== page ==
If you think workplace smoking reduction programs are taking a backseat to fighting obesity, Amy McAllister, a tobacco cessation expert and director of product management at Provant Health Solutions, might advise you to think again.
“In the past two years, there has been an increase in clients that we’re working with [on combatting tobacco use],” McAllister says. America’s weight issues might be the primary driver of medical costs, she acknowledges, but health is a total-body issue, and, besides, plenty of employers are forcing the issue.
“So many companies … are becoming 100% smoke-free,” McAllister tells Employee Benefit News, “so they’re trying to provide their employees with an option to be smoke-free.”
McAllister says more companies are testing for tobacco and using both carrots and sticks as “incenting the tobacco program.” For one of her clients, “there’s a $350 surcharge if someone uses tobacco.”
“Participation rates are higher with an incentive program, there’s no question about that,” she says. “Everyone knows that they have to stop, but they are much more apt to participate when there is an incentive.”
Provant itself is not as stringent as to demand smoke-free, only to hope and plan for it. Tobacco reduction might be more accurate than tobacco cessation, at least as a stop-gap, and any decrease is of course good news.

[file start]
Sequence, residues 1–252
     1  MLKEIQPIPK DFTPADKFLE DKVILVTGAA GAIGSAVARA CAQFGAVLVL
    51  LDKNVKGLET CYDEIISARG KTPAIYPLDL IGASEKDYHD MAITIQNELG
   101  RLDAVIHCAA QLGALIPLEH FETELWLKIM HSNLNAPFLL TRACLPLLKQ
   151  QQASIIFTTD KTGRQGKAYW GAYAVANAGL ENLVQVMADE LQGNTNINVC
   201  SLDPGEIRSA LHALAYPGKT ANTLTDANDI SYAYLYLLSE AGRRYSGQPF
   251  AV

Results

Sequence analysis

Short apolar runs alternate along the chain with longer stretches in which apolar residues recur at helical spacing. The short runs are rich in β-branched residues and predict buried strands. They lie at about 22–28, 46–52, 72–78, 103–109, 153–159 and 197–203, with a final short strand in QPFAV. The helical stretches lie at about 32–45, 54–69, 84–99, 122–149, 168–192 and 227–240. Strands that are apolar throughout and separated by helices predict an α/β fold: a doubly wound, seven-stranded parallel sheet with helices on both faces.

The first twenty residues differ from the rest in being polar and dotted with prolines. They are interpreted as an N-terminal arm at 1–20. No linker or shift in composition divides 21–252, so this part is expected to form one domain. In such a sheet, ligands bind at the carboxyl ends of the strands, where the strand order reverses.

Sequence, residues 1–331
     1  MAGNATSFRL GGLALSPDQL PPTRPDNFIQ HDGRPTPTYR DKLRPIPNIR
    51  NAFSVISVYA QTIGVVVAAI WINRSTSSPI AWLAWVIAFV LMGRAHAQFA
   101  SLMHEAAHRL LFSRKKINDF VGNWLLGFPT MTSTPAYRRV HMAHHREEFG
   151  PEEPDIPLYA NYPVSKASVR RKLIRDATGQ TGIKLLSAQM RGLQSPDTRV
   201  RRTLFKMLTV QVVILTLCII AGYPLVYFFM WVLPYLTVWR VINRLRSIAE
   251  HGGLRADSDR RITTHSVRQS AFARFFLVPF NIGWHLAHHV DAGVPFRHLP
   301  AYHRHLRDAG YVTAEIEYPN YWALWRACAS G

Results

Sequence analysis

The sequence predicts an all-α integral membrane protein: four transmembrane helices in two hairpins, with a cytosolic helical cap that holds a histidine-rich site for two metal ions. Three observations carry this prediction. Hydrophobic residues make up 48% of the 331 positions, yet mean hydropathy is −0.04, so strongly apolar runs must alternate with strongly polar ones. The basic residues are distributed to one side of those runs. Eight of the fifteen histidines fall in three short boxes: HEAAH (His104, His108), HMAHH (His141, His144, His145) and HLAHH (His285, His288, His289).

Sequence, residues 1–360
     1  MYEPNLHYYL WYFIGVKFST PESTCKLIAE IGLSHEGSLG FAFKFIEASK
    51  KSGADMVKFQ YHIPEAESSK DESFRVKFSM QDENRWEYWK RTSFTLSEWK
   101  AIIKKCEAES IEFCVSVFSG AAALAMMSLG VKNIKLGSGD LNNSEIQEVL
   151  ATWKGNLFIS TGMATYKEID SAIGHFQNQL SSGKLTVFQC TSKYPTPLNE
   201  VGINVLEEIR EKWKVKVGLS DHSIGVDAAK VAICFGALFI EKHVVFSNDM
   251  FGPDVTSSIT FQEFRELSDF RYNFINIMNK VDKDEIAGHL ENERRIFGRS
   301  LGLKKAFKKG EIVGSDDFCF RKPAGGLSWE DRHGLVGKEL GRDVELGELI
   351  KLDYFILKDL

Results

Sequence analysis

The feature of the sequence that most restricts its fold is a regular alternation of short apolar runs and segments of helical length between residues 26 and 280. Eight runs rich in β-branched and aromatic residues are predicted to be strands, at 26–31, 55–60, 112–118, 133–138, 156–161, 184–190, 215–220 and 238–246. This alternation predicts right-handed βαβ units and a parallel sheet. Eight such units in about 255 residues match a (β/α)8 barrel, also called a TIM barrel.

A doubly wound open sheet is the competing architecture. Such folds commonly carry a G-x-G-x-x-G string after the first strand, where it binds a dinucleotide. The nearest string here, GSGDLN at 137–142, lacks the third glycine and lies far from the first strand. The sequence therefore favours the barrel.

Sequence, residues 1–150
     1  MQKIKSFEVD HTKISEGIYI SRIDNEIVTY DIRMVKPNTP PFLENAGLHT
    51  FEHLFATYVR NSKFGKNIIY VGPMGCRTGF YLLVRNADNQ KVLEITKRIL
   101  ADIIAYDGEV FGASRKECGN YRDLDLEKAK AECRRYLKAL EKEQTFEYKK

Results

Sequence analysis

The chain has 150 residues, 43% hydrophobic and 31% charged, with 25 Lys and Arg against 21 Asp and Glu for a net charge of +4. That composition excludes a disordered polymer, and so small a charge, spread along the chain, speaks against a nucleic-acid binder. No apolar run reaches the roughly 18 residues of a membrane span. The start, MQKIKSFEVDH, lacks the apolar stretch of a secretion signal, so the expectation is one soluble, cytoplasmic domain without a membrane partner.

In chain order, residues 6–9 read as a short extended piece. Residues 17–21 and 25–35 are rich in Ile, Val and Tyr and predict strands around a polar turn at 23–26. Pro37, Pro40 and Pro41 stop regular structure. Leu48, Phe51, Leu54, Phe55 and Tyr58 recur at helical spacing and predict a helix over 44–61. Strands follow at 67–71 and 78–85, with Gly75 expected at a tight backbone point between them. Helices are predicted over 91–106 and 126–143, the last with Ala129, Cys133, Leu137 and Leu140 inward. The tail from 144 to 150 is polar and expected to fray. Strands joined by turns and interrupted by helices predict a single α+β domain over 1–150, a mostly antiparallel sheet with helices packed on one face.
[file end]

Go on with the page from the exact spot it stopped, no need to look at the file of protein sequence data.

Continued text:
“Success is not only when people quit — obviously that’s our ultimate goal — but we also focus on tapering down,” McAllister says. “So if someone starts a program at 20 cigarettes day, and they go down to 10 cigarettes a day, then that is successful, because the more they taper, the more they get close to quitting.”
With a product as habit-forming as tobacco (“as strong as a cocaine addiction,” McAllister says), Provant welcomes any improvement and certainly encourages employers to help smokers start on the path to their last cigarette. Sometimes a workplace push could be just what a lifelong Camel fan needs.
“We all know that there are those people who one day wake up and they stop smoking and they never smoke again, and they don’t do anything — they just do it cold turkey and that’s the way,” McAllister says. “But my experience is … most people taper down, most people need some type of support. And then once they get to that ready stage is when they’re most successful.”
But really — the focus is actually more on obesity these days, right?
“I would say it’s equally a concern for most companies,” she says. “The focus is certainly tobacco and there’s definitely a concern with obesity,” she adds, but getting someone to exercise often is a great way to help them quit smoking, as well as lose weight.
Read more about McAllister’s work and smoking-cessation efforts in the Dec. 1 EBN.
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